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PostPosted: Thu Feb 27, 2014 7:31 pm 
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That's about right.

This is also an alternate reading order combing the original and the HH-trilogy. Since Dragonsong and Dragonsinger take place after Dragonflight and Dragonquest and just before The White Dragon, there won't be any problem in this order as well.

Dragonflight
Dragonquest
Dragonsong (HH)
Dragonsinger (HH)
The White Dragon
Dragondrums (HH)


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PostPosted: Fri Feb 28, 2014 5:41 am 
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Interestingly, Smaug's voice, Amazon has exactly the same ordering, and I think it would work well. You'd understand what was happening offstage throughout, and you'd be familiar with some of the otherwise essential characters who just have cameos in the Harper Hall books. And (I found) the HH books in return gave character dimension to the "major" books in the series.

However, the Harper Hall books are not available on Kindle. Ours are boxed up inaccessibly with other books I won't be able to get to for the foreseeable future, and I was figuring I could justify buying them for my Kindle, but no. Phooey. :x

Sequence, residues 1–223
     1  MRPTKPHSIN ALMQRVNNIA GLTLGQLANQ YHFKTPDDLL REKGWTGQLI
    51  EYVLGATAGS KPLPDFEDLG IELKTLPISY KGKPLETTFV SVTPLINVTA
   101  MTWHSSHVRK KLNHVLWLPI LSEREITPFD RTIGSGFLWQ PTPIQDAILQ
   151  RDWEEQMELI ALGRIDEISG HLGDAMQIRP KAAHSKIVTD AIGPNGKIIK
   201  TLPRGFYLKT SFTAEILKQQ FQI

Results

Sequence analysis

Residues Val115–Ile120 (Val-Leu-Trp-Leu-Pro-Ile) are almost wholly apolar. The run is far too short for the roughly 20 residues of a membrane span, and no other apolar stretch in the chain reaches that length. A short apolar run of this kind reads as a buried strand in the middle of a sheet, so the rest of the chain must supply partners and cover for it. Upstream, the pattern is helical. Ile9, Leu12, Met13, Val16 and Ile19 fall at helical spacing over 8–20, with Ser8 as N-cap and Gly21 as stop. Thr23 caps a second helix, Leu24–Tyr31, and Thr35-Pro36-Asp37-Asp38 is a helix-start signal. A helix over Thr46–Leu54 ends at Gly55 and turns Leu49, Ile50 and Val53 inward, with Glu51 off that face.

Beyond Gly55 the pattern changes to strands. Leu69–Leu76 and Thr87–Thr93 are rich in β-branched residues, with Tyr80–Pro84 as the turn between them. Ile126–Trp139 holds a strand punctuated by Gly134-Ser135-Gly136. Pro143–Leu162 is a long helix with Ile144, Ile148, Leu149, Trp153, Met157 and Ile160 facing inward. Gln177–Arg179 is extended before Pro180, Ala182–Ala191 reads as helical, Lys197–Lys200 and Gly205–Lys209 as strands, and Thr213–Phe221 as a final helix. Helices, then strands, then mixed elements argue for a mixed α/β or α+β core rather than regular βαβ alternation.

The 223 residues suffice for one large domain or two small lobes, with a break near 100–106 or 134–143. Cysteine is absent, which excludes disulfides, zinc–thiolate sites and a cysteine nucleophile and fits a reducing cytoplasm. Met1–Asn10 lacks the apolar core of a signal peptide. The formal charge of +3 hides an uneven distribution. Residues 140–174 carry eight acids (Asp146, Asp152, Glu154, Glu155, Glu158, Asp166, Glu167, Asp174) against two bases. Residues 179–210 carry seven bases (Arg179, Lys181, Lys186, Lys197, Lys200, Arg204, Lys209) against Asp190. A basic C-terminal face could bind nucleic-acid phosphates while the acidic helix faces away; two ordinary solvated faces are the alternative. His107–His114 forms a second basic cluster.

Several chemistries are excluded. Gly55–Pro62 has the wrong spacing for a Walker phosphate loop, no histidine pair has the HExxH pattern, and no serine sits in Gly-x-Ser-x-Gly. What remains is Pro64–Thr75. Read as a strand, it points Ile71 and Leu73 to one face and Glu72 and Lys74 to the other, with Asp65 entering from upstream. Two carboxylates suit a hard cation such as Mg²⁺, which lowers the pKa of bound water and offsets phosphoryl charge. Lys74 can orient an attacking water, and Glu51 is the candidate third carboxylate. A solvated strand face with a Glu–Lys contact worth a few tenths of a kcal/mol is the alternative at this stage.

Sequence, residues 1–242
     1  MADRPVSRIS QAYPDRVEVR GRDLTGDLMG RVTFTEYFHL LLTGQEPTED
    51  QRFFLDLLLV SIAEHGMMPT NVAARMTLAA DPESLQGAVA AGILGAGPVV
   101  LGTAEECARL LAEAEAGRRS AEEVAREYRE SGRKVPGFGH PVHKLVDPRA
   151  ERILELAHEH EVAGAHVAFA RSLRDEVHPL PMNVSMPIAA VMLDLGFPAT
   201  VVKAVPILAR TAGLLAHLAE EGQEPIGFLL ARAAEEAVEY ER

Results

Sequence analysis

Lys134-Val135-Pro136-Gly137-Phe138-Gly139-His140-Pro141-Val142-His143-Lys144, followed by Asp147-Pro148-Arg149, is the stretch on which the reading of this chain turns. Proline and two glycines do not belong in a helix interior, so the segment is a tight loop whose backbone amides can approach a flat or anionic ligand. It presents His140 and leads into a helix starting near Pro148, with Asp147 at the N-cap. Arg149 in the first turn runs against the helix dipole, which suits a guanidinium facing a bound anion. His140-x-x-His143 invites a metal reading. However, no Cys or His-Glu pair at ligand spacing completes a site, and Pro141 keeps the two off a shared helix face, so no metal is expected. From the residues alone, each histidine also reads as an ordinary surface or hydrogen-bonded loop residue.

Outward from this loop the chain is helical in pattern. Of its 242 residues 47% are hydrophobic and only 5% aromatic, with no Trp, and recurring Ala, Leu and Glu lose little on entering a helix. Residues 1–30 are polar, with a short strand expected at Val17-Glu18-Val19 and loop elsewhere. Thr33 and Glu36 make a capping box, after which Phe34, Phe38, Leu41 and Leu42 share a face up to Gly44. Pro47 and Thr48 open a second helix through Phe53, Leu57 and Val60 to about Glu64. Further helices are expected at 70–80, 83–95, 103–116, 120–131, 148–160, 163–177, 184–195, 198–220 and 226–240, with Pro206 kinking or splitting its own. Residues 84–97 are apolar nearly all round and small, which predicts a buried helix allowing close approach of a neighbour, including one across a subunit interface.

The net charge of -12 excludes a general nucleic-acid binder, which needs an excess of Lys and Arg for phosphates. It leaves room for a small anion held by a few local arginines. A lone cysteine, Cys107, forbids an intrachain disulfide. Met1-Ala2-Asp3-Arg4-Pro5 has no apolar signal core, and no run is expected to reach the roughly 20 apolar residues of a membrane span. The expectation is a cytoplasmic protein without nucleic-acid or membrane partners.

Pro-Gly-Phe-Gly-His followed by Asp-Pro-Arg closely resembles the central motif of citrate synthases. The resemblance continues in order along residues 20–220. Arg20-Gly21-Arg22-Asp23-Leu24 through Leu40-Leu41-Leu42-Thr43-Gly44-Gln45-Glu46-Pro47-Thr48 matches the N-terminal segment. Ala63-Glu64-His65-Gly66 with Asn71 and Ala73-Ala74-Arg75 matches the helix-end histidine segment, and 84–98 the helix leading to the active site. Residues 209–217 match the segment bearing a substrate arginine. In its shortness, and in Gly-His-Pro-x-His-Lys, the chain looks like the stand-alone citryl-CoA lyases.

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“There, peeping among the cloud-wrack above a dark tor high up in the mountains, Sam saw a white star twinkle for a while. The beauty of it smote his heart, as he looked up out of the forsaken land, and hope returned to him. For like a shaft, clear and cold, the thought pierced him that in the end the Shadow was only a small and passing thing: there was light and high beauty for ever beyond its reach.”
― J.R.R. Tolkien, The Return of the King


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PostPosted: Sat Mar 01, 2014 11:23 am 
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Nibonto Aagun
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Primula Baggins wrote:
Interestingly, Smaug's voice, Amazon has exactly the same ordering, and I think it would work well. You'd understand what was happening offstage throughout, and you'd be familiar with some of the otherwise essential characters who just have cameos in the Harper Hall books. And (I found) the HH books in return gave character dimension to the "major" books in the series.


I first read the books in the order Alatar mentioned above so I have a biased preference for that. ;) :P

But IAWY that probably the alternative order would be better. It just gives more personality to two my favorite characters - Robinton and Menolly (especially the latter). They do what the whole Old Forest episodes does for FotR.